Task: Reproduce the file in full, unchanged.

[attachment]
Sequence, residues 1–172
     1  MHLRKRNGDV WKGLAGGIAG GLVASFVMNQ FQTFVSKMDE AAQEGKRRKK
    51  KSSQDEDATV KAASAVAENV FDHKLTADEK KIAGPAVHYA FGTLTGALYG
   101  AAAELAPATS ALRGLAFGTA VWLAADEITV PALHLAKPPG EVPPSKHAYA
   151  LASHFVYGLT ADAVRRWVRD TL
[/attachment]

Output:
Sequence, residues 1–172
     1  MHLRKRNGDV WKGLAGGIAG GLVASFVMNQ FQTFVSKMDE AAQEGKRRKK
    51  KSSQDEDATV KAASAVAENV FDHKLTADEK KIAGPAVHYA FGTLTGALYG
   101  AAAELAPATS ALRGLAFGTA VWLAADEITV PALHLAKPPG EVPPSKHAYA
   151  LASHFVYGLT ADAVRRWVRD TL